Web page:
Most high IQ societies limit their membership to those who have scored above the 98th percentile on applicable IQ tests. Applicants who have already done so can apply for high IQ society membership by furnishing proof of their high scores. People who have lost their scores or simply want to take a new test can take any of the more widely recognized IQ tests, such as Stanford-Binet Intelligence Test, the Wechsler Adult Intelligence Scale (WAIS), or the Cattell Culture Fair Intelligence Test. The score that they receive on the intelligence test will determine if they qualify for membership. However, applicants are encouraged to take practice tests first to help them prepare for the challenge of entering a high IQ society.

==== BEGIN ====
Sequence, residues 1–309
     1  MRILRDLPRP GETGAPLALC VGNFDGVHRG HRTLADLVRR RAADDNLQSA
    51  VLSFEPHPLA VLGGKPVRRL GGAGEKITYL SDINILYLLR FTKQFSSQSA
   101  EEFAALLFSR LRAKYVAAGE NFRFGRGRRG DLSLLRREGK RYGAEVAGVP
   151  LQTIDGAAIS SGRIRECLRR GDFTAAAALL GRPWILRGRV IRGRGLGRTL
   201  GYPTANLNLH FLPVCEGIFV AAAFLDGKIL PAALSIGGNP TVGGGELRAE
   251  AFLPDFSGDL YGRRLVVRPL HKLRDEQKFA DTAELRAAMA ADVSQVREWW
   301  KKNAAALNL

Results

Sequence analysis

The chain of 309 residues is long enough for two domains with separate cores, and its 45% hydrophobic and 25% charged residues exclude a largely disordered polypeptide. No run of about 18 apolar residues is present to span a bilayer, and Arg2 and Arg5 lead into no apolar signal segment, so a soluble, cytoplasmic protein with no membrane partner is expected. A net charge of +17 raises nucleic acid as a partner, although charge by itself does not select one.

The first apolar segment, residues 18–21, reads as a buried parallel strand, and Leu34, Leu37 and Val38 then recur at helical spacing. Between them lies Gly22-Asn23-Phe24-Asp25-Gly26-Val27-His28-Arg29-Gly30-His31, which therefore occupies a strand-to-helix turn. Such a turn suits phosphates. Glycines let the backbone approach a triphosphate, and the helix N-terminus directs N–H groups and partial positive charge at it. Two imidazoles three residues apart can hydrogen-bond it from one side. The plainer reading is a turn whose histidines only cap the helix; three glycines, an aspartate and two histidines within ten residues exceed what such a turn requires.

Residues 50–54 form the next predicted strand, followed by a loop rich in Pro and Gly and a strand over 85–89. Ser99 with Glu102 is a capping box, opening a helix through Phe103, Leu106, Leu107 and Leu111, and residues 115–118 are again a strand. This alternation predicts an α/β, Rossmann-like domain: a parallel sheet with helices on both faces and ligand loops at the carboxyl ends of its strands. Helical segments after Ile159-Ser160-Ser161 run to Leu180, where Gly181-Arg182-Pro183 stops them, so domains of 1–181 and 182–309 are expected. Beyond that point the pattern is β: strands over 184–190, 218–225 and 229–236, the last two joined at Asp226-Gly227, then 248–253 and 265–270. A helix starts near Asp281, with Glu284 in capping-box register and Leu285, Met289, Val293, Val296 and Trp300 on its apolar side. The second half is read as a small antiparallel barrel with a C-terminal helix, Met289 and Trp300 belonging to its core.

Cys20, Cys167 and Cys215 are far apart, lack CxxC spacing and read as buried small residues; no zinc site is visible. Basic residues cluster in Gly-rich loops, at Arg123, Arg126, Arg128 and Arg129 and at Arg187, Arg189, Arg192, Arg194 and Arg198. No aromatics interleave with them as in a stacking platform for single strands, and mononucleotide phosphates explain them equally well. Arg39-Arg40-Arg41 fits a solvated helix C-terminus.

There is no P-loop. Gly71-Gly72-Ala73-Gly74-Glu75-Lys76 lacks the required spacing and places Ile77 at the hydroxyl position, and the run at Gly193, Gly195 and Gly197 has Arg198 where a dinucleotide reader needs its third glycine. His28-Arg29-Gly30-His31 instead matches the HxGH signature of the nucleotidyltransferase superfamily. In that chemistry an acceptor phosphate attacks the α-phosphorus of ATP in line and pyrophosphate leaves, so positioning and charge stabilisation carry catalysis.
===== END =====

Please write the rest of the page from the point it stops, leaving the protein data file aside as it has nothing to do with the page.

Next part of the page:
One of the best resources for preparing yourself to take an IQ test are practice tests. They offer the same types of questions, and present concepts in a manner similar to what you would encounter on a real IQ test. Going over practice tests multiple times in order to break the questions down to their fundamental parts is key when it comes to doing well on an IQ test.
IQ tests work by assessing a person’s ability to overcome a specific set of obstacles, either in the form of written questions or as visual puzzles. Depending on the test being taken, the questions can range from assessing quantitative reasoning ability, verbal reasoning ability, visuospatial abilities, etc. By allowing for a variety of unique intelligence variables to be measured about someone, IQ tests assist in quantifying a person’s strengths and weaknesses.